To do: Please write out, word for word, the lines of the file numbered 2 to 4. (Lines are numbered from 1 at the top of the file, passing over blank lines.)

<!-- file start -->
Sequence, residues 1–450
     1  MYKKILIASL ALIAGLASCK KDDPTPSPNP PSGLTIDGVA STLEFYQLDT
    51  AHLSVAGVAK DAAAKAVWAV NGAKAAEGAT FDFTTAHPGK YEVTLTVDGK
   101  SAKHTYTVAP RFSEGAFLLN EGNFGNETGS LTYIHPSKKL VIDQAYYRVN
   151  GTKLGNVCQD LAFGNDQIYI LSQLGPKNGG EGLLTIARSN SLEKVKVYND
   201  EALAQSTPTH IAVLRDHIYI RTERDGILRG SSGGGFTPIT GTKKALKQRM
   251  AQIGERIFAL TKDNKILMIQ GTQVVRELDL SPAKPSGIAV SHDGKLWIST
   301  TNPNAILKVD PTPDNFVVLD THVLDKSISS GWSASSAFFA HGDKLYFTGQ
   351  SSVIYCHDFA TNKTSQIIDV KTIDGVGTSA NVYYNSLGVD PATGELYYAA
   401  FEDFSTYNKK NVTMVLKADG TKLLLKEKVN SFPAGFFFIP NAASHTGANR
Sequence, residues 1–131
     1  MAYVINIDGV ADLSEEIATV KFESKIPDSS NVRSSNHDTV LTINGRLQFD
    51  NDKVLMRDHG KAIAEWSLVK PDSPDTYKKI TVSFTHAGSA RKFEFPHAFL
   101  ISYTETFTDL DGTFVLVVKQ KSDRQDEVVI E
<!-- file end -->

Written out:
     1  MYKKILIASL ALIAGLASCK KDDPTPSPNP PSGLTIDGVA STLEFYQLDT
    51  AHLSVAGVAK DAAAKAVWAV NGAKAAEGAT FDFTTAHPGK YEVTLTVDGK
   101  SAKHTYTVAP RFSEGAFLLN EGNFGNETGS LTYIHPSKKL VIDQAYYRVN